Kiltearn Old Parish Church Community Research Project

This project, managed by Archaeology for Communities in the Highlands (ARCH), has secured a Heritage Lottery Fund grant of £8900 and further finance from Kiltearn Community Council, Archaeology Scotland and Clan Munro Association to allow research to begin into the origins and history of church and site on the shores of the Cromarty Firth.

It is proposed to research historical documents in local and national archives to learn more of the old kirk, as well as carrying out a building survey. It is known that the ruin carries evidence of an older, medieval church on the site.

Recording gravestones in the burial ground will be done for the first time and volunteers will be trained to undertake family history research into those associated with the church.

The project is aimed to last for 12 months and will involve local schoolchildren, with the aim, ultimately, of holding an open day to present the findings, and erecting a display board for the benefit of visitors to the site.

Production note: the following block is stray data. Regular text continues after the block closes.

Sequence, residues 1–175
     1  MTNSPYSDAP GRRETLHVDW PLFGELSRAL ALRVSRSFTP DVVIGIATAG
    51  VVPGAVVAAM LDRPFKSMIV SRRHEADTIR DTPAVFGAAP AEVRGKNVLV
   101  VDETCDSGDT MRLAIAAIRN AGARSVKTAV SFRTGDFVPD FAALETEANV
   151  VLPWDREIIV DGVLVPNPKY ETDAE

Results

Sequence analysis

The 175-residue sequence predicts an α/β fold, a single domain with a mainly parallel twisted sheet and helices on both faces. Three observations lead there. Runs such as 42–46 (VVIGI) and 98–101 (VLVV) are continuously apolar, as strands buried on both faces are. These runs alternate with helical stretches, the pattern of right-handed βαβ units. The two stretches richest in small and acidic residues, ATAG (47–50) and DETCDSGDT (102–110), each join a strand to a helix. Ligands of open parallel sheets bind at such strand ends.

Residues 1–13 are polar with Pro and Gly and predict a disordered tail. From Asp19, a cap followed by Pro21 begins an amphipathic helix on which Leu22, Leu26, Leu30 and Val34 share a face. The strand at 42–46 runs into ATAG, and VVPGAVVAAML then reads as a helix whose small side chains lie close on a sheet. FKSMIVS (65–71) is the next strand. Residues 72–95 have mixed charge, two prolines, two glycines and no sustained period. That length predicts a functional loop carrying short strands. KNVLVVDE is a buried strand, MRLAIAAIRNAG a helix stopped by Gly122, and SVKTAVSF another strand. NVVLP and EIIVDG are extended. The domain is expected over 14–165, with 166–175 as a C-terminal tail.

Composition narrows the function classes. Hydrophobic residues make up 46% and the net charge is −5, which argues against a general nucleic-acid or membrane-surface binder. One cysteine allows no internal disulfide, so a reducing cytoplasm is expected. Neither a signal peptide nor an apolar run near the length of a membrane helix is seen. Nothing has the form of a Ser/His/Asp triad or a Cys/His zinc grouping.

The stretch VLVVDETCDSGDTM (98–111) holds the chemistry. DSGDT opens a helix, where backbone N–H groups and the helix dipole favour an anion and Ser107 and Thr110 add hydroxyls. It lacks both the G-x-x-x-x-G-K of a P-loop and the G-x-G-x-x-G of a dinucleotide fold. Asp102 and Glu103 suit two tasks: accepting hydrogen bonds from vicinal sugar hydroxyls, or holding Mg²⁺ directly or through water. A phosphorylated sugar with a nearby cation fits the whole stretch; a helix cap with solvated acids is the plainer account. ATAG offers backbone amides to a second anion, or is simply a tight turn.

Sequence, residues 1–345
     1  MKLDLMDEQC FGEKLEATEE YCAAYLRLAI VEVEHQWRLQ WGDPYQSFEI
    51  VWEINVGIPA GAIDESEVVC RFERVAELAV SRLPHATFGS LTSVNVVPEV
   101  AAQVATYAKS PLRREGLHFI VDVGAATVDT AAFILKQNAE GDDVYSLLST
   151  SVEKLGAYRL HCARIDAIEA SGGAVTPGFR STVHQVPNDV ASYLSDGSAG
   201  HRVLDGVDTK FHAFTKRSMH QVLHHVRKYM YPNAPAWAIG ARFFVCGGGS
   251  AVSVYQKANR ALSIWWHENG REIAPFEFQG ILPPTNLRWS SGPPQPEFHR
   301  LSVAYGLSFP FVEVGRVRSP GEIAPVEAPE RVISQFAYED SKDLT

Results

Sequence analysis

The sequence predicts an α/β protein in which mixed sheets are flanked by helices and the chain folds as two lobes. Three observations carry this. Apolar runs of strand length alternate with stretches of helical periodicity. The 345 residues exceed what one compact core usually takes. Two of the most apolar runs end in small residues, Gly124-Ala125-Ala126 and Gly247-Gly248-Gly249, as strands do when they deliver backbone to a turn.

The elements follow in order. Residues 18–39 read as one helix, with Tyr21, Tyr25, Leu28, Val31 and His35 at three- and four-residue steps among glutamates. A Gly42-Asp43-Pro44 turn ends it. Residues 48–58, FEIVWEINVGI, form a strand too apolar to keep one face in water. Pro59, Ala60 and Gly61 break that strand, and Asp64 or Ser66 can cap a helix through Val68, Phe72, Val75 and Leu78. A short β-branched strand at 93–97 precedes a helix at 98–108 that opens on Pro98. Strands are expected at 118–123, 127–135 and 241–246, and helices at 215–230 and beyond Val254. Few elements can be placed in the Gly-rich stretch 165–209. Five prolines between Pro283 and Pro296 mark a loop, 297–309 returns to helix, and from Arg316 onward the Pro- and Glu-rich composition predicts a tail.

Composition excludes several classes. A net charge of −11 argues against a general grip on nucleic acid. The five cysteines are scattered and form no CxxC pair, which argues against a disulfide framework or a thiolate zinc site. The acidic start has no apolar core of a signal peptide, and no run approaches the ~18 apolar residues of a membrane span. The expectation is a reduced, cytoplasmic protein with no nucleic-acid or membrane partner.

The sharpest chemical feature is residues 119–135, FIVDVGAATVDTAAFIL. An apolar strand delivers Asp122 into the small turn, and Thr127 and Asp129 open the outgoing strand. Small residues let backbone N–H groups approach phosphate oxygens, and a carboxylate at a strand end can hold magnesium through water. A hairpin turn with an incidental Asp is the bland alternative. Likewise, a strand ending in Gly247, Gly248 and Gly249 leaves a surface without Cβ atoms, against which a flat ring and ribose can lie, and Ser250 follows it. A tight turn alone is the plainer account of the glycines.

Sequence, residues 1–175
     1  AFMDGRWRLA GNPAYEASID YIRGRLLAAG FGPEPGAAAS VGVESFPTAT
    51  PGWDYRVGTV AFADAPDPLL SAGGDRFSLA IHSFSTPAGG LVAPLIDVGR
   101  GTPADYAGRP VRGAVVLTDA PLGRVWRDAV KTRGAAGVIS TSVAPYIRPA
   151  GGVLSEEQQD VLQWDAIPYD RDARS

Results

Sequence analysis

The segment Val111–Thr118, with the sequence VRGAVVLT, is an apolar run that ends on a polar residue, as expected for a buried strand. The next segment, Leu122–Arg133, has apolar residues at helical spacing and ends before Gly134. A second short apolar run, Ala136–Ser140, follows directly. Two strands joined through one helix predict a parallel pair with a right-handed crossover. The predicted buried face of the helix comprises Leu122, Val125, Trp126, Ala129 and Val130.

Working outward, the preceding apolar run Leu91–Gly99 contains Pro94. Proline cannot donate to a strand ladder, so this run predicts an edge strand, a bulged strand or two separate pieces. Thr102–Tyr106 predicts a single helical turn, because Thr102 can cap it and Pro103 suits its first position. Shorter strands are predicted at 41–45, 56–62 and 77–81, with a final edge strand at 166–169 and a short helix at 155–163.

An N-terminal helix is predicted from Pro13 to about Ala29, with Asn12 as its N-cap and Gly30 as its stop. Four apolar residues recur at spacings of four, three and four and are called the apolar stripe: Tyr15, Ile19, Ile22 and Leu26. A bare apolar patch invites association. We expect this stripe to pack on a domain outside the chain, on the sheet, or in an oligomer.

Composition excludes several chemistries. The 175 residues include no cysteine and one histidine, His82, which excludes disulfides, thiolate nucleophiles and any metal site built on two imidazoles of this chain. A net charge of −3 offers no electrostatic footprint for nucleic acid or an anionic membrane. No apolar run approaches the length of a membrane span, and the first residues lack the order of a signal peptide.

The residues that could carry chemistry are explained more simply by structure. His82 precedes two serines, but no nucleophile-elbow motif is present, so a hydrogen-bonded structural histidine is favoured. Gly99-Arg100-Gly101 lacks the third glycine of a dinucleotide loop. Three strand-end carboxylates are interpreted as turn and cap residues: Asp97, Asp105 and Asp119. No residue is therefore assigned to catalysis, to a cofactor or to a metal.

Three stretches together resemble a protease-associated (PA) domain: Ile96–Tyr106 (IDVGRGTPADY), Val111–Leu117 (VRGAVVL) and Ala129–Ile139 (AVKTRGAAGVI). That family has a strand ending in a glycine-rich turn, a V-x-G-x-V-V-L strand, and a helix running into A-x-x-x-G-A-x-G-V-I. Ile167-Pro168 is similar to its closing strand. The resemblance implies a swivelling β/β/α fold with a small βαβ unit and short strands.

The Old Church of Kiltearn, situated beside the Cromarty Firth.

Attribution: RCHS

The Research Project

Results of the research undertaken by volunteers were presented at the Highland Archaeological Festival in October 2017, in the Cornerstone Cafe in Evanton, in Highland Council HQ in Inverness and in Dingwall Community Library.

The project involved a building survey which revealed evidence of an older, medieval structure on the site, pre-dating the current building, constructed in 1792. Records were gathered, providing information dating back to the medieval period, and Kirk Session records, surviving irregularly from the 1690s, provided information about the kirk and life in the parish. More than 800 gravestones in the original kirkyard were recorded, also lair markers, including a number of 17th and 18th century gravestones with engraved symbols of mortality.

In view of continuing public interest an exhibition will be held in the Cornerstone Cafe, Evanton, from Tuesday 30 January 2018. The cafe hours are 10.00 am to 2.30 pm, Tuesday to Thursday, and on Saturdays from 10.00 am to 2.00 pm.

Binders of the research are available for viewing in the Cornerstone Cafe and in the Dingwall and Alness libraries. In addition, an online database is to be made available on www.ect.scot

Gravestone

Attribution: Photo courtesy of Evanton Community Trust website.